Steely Dan’s Countdown to Ecstasy reveals a progression toward ever more sheen and polish on a smooth shell, the source of the “yacht rock” label that defined them.
The idea of Stevie Nicks as Fleetwood Mac’s “white witch” is particularly poignant as the second wave of feminism rolled into the ’70s.
The last album by the rock/jazz phenoms Steely Dan was released 20 years ago. This is a look back at why their last two records deserve reconsideration.
In her tribute album, Juliana Hatfield Sings Olivia Newton-John, Hatfield gives us a direct line to the heady days of the ’80s and makes us wonder if shiny, electric blue lycra was really so bad.
Carly Simon adapted to the glossier, smoother sounds of 1980s soft-rock, spinning yarns of upper-class anxiety in Coming Around Again.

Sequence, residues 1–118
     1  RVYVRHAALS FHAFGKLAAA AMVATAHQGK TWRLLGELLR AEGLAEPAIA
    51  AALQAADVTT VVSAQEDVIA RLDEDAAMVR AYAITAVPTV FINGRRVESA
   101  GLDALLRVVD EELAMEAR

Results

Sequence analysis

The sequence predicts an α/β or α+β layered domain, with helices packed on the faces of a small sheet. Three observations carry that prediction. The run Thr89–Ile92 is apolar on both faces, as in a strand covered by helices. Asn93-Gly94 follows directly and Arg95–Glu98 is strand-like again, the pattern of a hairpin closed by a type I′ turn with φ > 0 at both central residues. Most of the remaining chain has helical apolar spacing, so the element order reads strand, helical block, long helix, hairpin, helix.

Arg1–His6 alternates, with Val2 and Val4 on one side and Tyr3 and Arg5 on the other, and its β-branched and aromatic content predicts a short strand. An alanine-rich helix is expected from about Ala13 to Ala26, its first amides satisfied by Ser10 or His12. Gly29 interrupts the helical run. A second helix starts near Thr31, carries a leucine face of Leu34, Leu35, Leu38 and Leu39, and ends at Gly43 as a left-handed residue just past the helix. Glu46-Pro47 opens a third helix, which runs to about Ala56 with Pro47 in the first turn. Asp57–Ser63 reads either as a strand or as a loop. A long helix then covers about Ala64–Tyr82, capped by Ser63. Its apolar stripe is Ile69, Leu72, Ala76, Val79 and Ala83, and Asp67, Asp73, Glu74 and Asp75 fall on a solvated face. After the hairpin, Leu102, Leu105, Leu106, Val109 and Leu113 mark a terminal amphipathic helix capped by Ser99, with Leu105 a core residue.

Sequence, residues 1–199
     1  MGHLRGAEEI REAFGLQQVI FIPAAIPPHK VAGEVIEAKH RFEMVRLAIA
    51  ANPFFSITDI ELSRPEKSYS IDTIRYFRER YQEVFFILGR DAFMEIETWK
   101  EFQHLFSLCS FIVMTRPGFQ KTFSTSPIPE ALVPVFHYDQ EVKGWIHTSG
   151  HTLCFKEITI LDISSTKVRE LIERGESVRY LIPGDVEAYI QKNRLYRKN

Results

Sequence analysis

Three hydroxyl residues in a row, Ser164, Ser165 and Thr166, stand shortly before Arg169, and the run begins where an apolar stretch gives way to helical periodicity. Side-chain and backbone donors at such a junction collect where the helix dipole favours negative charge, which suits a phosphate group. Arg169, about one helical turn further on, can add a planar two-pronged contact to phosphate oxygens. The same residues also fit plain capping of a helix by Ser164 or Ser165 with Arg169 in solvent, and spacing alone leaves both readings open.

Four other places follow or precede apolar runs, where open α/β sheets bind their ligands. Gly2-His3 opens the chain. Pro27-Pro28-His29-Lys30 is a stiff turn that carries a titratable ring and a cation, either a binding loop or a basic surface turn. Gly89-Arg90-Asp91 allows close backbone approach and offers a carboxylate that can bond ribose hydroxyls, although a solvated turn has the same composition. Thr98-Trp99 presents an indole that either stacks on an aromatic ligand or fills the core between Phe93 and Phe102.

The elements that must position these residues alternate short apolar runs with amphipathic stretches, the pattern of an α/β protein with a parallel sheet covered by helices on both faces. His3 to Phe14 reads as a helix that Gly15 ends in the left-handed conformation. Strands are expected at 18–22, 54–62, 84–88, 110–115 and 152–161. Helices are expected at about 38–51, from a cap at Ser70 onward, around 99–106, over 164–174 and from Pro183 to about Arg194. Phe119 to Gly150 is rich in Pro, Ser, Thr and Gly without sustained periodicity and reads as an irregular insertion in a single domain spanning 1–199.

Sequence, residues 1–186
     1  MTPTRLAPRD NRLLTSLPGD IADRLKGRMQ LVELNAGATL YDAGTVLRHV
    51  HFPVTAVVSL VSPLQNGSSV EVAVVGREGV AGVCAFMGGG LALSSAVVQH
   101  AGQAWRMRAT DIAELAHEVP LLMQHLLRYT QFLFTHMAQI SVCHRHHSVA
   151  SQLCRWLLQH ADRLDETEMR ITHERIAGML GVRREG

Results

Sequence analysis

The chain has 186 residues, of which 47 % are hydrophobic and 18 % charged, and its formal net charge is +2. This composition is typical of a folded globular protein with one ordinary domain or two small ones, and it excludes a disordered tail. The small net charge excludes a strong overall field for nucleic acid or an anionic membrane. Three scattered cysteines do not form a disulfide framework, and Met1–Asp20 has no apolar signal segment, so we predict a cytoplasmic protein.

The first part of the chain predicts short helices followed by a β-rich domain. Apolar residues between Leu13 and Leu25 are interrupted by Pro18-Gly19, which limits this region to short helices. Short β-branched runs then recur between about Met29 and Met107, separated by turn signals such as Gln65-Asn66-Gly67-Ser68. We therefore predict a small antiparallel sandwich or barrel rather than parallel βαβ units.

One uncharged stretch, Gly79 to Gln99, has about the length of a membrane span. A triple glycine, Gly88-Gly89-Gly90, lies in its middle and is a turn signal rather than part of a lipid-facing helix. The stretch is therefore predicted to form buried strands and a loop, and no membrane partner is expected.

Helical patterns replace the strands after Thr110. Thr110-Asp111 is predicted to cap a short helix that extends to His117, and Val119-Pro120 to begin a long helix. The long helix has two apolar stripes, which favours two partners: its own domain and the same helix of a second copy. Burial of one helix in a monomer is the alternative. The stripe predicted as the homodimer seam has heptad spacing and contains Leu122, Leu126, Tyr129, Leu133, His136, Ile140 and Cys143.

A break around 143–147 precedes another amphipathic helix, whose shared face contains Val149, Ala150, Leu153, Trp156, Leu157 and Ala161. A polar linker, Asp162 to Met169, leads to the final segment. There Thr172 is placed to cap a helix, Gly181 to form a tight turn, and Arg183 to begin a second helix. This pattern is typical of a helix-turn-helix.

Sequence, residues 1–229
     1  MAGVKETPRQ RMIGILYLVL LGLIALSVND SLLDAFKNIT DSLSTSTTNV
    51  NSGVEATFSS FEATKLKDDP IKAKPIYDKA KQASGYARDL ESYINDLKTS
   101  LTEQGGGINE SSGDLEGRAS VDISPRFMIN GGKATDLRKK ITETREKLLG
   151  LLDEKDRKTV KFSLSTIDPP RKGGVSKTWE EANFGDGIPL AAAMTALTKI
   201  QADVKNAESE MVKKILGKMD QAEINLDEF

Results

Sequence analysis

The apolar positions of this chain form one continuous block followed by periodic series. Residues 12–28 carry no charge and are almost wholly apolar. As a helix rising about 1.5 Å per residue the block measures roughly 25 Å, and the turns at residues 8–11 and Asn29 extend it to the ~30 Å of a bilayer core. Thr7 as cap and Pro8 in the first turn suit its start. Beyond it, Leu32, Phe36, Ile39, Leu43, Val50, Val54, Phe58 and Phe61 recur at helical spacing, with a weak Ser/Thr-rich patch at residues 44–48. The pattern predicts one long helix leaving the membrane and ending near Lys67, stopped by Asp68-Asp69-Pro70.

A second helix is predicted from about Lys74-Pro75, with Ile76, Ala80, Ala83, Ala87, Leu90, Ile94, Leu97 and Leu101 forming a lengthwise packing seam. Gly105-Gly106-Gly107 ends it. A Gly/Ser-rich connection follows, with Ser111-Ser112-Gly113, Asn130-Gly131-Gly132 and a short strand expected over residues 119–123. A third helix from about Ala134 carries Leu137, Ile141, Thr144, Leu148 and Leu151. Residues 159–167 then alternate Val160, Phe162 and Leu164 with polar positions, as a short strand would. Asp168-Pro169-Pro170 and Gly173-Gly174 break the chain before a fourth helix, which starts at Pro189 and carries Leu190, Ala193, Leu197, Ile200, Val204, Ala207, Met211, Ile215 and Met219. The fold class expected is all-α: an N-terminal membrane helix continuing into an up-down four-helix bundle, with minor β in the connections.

Falling Into You could only be made by an artist like Céline Dion, who knows that whatever she puts out will be slammed by critics but adored by her audience.
Carly Simon’s No Secrets established what’s known as the “Carly Simon Principle”: the bond we feel with singer-songwriter music and how fans map their own meaning onto popular songs.
Carly Simon’s literate, confessional songwriting opened the door for other artists to do the same, including Olivia Rodrigo, Sara Bareilles, and Taylor Swift.
In 1972, Joni Mitchell traded the hubbub of the big city for nature’s quiet solitude. There, she wrote an album of unparalleled earthy wonder, For the Roses.
Producer John Farrar and the creative team behind Physical recall how Olivia Newton-John brought a Grammy-winning sensation from the studio to the screen.